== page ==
“Benefits sign-up time. I hate it. They’re sending me those thick envelopes, but I just don’t get it.”
“Do the math. Just decide based on money. If I go to the doctor, it costs money. Eating healthy costs more than roller dogs for lunch and happy hour snacks after work and Frosted Flakes in the morning. I’m signing up for the cheapest premium possible and spending my money on tuning my ride. I want the cash, not some foo-foo benefit that I may or may not use.”
“I know what you mean. They always say the same thing with big words and small actions, on the same boring forms. More cost, less stuff. They talk wellness, but I need a payback now. If I get sick, I’ll deal with it then.”
I resisted the urge to interrupt and explain the value and importance of their benefits.
What did I learn from this? That it takes powerful communication to get through the “fog of war” that we all live in. That everyone is focused on benefits to themselves. That everyone is looking for a quick, simple fix for whatever ails them.
|Learn why many wellness program benefits aren’t being used—and what you can do to change that, when you attend: Wellness Program Engagement: Why These Benefits Aren’t Being Used—and What You Can Do About It, on Tuesday, March 13, 2018. Click here to learn more, or to register today!|
What does it take? We need to get outside the box in how we reach the “Young Invincibles.” If you hand a paper enrollment information packet to a Baby Boomer, they grumble, get out their reading glasses, review the tables, and then sign up for the most coverage they can afford that includes pharmacy for their chronic conditions. Gen X? They skim the paperwork, talk to their friends and family about getting the most for the least, and sign up for the mid-priced package. Millennials? They never open the paper packets and sign up for the least expensive benefit package allowable. Hey, they’re never getting sick.
Three simple rules for modern benefits communication:
- Know your audience.
- Go where they are, and use the channel and language they use.
- Make it simple.
Oh, and a fourth rule … get outside the box.
I know, you don’t have time to do it differently. You, as benefits professionals, barely have enough time to read your weekly 100 pages of new Affordable Care Act (ACA) guidance from the Department of Health and Human Services (HHS) mother ship. You have a flood of requests for your time on individual cases.
The secret sauce is using the right tools for the job, and the stakes and challenges are doubling every year.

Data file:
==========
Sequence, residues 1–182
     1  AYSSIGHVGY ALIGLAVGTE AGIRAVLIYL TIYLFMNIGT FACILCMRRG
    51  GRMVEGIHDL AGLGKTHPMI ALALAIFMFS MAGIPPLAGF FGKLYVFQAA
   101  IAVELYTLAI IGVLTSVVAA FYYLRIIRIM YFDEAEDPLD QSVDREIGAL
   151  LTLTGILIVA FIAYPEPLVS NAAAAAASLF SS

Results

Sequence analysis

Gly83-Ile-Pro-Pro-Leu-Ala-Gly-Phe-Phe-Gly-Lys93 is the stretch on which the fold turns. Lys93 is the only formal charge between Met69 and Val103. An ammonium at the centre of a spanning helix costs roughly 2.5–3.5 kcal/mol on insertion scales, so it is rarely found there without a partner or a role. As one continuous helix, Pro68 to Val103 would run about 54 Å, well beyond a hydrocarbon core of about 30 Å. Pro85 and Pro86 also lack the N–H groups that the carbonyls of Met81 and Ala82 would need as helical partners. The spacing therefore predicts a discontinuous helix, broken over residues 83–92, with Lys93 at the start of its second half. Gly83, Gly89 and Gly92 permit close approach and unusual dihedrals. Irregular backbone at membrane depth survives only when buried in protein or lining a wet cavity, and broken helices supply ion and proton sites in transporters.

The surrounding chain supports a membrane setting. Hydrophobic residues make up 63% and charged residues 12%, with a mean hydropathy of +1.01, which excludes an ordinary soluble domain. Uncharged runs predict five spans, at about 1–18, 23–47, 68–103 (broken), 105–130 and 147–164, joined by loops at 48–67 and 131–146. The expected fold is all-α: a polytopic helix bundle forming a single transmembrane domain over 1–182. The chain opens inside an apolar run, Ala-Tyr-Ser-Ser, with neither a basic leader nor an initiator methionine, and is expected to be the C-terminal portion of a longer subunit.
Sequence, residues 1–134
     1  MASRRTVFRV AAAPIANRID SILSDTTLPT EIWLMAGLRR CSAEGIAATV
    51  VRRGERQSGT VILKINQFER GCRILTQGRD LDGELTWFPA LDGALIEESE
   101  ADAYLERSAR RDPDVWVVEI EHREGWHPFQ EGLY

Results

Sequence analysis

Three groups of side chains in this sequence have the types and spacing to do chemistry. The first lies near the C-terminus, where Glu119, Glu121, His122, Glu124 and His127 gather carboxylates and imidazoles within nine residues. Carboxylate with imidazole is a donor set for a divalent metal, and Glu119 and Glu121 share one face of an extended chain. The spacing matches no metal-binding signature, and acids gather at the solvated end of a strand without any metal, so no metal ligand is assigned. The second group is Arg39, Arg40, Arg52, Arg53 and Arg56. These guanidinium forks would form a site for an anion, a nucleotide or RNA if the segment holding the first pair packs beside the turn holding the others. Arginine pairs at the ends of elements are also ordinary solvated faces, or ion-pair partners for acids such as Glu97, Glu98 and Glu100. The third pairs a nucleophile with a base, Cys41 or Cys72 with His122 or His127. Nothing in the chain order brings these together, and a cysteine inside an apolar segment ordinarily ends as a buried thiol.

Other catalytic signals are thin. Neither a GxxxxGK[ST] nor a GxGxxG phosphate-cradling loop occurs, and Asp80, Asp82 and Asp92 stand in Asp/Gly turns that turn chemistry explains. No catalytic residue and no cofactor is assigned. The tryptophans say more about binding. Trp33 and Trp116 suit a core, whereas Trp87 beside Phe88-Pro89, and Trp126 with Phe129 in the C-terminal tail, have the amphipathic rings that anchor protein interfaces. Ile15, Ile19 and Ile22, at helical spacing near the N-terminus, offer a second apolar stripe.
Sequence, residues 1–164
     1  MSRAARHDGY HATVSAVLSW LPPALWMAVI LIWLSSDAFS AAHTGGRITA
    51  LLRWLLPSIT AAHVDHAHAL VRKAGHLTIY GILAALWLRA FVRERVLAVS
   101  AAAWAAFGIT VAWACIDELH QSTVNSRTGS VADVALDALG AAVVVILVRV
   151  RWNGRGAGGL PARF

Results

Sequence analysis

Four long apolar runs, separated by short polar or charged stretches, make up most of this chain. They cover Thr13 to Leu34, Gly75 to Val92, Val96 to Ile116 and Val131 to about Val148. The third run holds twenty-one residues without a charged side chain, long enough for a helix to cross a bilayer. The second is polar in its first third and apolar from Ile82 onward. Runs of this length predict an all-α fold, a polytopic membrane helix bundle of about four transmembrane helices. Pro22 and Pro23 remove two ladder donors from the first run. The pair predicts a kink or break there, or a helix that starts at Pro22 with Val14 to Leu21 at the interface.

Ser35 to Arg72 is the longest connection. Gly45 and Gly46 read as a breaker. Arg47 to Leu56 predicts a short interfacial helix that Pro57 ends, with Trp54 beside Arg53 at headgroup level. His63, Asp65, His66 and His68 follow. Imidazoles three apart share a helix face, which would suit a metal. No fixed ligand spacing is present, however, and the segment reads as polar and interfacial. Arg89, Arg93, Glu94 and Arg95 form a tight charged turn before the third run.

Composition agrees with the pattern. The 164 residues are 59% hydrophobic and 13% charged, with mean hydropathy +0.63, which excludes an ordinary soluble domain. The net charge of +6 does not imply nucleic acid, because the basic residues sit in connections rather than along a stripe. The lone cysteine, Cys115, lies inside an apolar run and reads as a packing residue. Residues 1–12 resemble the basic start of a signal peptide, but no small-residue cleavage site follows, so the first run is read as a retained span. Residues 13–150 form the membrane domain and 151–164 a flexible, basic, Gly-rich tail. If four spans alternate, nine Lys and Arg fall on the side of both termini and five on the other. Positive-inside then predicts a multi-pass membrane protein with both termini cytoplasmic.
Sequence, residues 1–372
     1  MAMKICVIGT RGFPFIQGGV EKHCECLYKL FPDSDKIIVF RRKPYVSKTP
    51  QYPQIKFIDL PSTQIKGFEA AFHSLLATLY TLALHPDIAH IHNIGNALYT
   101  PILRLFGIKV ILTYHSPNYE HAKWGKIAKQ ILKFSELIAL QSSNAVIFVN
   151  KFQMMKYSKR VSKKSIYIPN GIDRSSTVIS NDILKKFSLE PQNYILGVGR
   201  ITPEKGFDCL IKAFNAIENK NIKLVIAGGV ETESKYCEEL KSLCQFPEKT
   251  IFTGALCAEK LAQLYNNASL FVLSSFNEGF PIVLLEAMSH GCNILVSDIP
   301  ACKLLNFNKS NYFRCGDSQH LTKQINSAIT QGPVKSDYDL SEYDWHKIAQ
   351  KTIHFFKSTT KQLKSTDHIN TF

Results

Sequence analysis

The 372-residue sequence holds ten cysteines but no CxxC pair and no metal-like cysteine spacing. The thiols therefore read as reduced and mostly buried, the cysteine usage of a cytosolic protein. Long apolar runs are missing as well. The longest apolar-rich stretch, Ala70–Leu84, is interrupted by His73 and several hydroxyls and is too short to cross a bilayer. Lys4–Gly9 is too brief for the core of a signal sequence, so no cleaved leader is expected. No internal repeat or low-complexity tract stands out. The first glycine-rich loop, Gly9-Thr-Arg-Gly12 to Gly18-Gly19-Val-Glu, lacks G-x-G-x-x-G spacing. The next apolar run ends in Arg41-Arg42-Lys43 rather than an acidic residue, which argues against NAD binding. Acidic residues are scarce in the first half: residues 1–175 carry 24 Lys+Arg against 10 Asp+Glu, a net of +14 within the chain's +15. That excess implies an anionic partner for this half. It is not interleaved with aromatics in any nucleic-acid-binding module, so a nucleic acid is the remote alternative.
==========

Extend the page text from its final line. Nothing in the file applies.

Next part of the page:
What stakes? The cost of benefits and the shifting reporting requirements of the ACA. What challenges? The overwhelming marketing chatter that surrounds all of us, and the climbing expectations of human nature.
You know about the chatter. The volume of marketing messages hitting us keeps climbing. The stress levels are climbing right along with the volume. I just saw a new survey that showed that the short-term memory losses for the youngest generation—the Millennials—is WORSE than the oldest generation, and the gap is blamed on stress levels in the younger workers. These are the benefits consumers that are the most crucial for us to reach.
So, stop reading this and look around your workplace. Take inventory of what tools you have for communication and what audiences you need to communicate with. Then, and this is the tough part, figure out the gaps.
Your assignment? Figure out how to get outside the box, and get there first.
|Karl Ahlrichs, SPHR, is Consultant and Business Developer for Gregory and Appel. He has broad experience in senior level problem solving, with proven skills in handling complex organizational issues with uncommon sense. Mr. Ahlrichs is a national speaker and author who joined Gregory & Appel after serving as a founding partner of ExactHire, a human resources services firm. He also served as a Senior Consultant for Professional Staff Management. He was in business development in the Indianapolis office of Marsh & McLennan, and Vice President of Right Management Consultants. Mr. Ahlrichs facilitates an invitation-only roundtable for Indiana CFOs, and was the program chair for the Indiana Society for Human Resources Management annual conference for more than a decade. He is a member of HRPDA, SHRM, the American Society of Training and Development, and the Association for Psychological Type. He is president of the Indiana Chapter of the National Speakers Association, and was named the SHRM Human Resource Professional of the Year for the State of Indiana. Mr. Ahlrichs has presented at the National SHRM Conference for 10 consecutive years.|